posted by freya_lamb at 10:09 AM on May 16, 2008


Everybody wants you to give up your standards. I say start off by excluding these jokers from your search.

I'm surprised that more comments don't recognize that there is some real value in common labels. I've learned, for instance, to steer clear of people who can't stay sober and who don't read philosophy. I'm reading about valid constructions, they're drinking, it doesn't work out. Tomato, potato kind of thing.

In the end, books might be better friends than people. Its worth considering.

p.s. I suspect "liking bacon" is shorthand for "I'll get mine... even if it's over your dead pot-bellied pig's body."
posted by ewkpates at 10:11 AM on May 16, 2008


p.s. aren't liberals all about that whole tolerance thing?
posted by Flying Squirrel at 10:26 AM on May 16, 2008


Everybody wants you to give up your standards. I say start off by excluding these jokers from your search.

It's not about "giving up your standards", it's about trying to make friends with people before applying the standards. Friendships are not like resumes; you can say "I don't like X" all you like, but there's no reason to completely rule out all people who do X, because not all people who do X are the same. Some of them might actually be OK as friends, despite their interest in X. In my experience, shared interests are a great way to meet people, but they have little to do with which of them become long-term friends.

In short, it's perfectly fine to stop hanging out with someone because they offend you, but it helps if you wait until they actually do!
posted by vorfeed at 10:33 AM on May 16, 2008


I'm surprised that more comments don't recognize that there is some real value in common labels. I've learned, for instance, to steer clear of people who can't stay sober and who don't read philosophy.

Those aren't labels.
posted by grumblebee at 10:40 AM on May 16, 2008


I've started a response to this question at least a dozen times, been dissatisfied, sighed, and deleted it. But I was just talking with a friend of mine about this thread a few minutes ago, and I was like, "Man, if I held out for someone who fit the same categories that I do for religion and diet and politics and approach to psychoactive substances, I'd never find anyone cool. I think I'd overlap with like maybe 1 percent of obnoxious out-of-their-mind Wiccans or something. What does respect for people have to do with personal similarities?" She put it better than I could:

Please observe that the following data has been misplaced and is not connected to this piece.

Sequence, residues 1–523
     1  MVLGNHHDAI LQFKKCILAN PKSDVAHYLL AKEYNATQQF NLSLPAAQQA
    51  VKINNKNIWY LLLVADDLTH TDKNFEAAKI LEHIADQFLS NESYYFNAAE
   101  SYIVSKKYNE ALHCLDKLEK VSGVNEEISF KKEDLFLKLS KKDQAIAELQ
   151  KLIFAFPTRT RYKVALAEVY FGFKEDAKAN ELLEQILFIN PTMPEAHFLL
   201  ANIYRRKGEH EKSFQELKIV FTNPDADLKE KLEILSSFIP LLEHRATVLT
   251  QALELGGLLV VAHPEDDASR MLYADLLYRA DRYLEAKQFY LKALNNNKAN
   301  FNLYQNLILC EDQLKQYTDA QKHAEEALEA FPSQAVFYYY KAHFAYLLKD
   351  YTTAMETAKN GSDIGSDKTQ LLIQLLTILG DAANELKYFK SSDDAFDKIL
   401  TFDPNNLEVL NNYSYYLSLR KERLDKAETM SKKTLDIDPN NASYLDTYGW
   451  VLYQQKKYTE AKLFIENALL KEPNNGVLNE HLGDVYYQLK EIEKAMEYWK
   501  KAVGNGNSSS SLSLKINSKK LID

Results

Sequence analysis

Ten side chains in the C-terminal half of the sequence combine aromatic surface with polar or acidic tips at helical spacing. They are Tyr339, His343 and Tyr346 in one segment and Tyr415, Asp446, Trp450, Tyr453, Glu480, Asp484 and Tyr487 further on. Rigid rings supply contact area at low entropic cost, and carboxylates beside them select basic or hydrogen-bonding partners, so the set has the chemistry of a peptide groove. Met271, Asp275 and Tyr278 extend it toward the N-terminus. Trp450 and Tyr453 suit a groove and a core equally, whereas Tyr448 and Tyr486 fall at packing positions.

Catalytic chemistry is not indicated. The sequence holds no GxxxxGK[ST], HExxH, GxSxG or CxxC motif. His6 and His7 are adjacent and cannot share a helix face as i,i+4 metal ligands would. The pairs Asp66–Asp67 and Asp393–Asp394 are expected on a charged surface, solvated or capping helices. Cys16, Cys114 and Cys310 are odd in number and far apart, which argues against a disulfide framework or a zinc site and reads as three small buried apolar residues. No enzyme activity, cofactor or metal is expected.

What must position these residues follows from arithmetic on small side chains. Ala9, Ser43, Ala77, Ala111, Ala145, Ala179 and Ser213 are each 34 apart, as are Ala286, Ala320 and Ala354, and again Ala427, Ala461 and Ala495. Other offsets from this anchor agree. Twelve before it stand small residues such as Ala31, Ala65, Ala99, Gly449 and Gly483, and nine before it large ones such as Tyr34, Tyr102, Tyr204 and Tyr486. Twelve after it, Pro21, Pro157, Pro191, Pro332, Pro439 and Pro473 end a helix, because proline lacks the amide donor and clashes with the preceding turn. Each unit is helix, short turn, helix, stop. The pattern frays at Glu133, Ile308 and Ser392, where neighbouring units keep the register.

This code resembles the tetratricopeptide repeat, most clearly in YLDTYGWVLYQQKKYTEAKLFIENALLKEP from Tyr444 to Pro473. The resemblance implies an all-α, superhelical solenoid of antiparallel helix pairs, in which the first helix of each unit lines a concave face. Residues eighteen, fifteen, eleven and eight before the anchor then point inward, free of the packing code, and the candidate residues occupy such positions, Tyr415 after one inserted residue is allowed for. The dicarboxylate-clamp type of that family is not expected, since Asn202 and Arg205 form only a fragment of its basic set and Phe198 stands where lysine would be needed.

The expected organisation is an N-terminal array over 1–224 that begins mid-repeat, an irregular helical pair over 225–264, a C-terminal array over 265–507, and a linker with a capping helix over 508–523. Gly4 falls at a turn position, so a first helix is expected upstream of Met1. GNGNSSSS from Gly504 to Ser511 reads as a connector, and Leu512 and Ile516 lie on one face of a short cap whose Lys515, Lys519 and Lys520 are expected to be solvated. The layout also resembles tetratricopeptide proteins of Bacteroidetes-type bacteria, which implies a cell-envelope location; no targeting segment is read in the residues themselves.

"Doesn't this guy play video games? Put it in RPG terms for him. You can't have a party with just a bunch of fighters in it; you need a black mage, a white mage, maybe a thief..."

So that's the advice from one of my closest friends, who, like all my friends, differs from me in a whole slew of significant ways. Think of your potential social group in the traditional "Final Fantasy" style.
posted by Greg Nog at 10:53 AM on May 16, 2008 [2 favorites]


Everybody wants you to give up your standards. I say start off by excluding these jokers from your search. -ewkpates


Wow. I'm with vorfeed on this. And I stand by my previous statement. Here it is with different words:

If you can't become friends with someone unless they're wearing a t-shirt that says, "I'm a Liberal, Vegan, Atheist, Sober Geek," then by all means exclude exclude exclude.

I don't think that's your intent, though. You're just sensibly hoping for friends with similar interests, beliefs and desires. I've had great luck in making great friends by doing the great things I enjoy. I suggest that those who apply a list of attributes a priori to potential friends are those who I find a humorless, curmudgeonly bunch. I learned in college not to admit at parties that I was a philosophy major, simply because those who needed to jump on that bandwagon were totally missing the boat.

Great question, by the way. The answers given also work as meta-answers (no domain name pun intended). Whose answers here make you consider a friendship with that person?

A wise man will make more opportunities than he finds. -Francis Bacon

Mmm, Bacon.
posted by lothar at 11:09 AM on May 16, 2008


To expand upon grumblebee's point:

Being an alcohol drinker does not mean you "can't stay sober and don't read philosophy." Being a philosopher most certainly doesn't mean you never drink and spend all your time learning about valid constructions. Avoiding anyone who drinks alcohol because you take that to mean they're too busy getting wasted to be interested in philosophy is a good way to avoid becoming friends with many great philosophy-minded people. Seeking out anyone who spends their free time studying valid constructions is as likely to leave you with a deranged psychopath as it is with someone interesting and cool.

That's the main message people are trying to tell the OP when they say he shouldn't base friendship off of labels: labels are too broad and they miss the point.
posted by Ms. Saint at 11:24 AM on May 16, 2008 [1 favorite]


As a preface I haven't read any response to your question (yet).

To be blunt, I don't think you sound introverted at all you just sort of sound like a dick! You don't respect people who aren't like you?! Man, no wonder you're having trouble making friends!

Joking aside. Very few people will ever live up to your highest expectations and you will not live up to theirs and there is no reason either of you should. You'll live a very unsatisfying life (imo) until you realize this. Heck, stop trying to find people like you and try to make friends with someone who is the opposite.

I'm sure in saying this you have deemed me to be someone you do not respect or agree with and therefore will not take my advice so it's all for naught anyway.

my 2 cents.
posted by wolfkult at 11:46 AM on May 16, 2008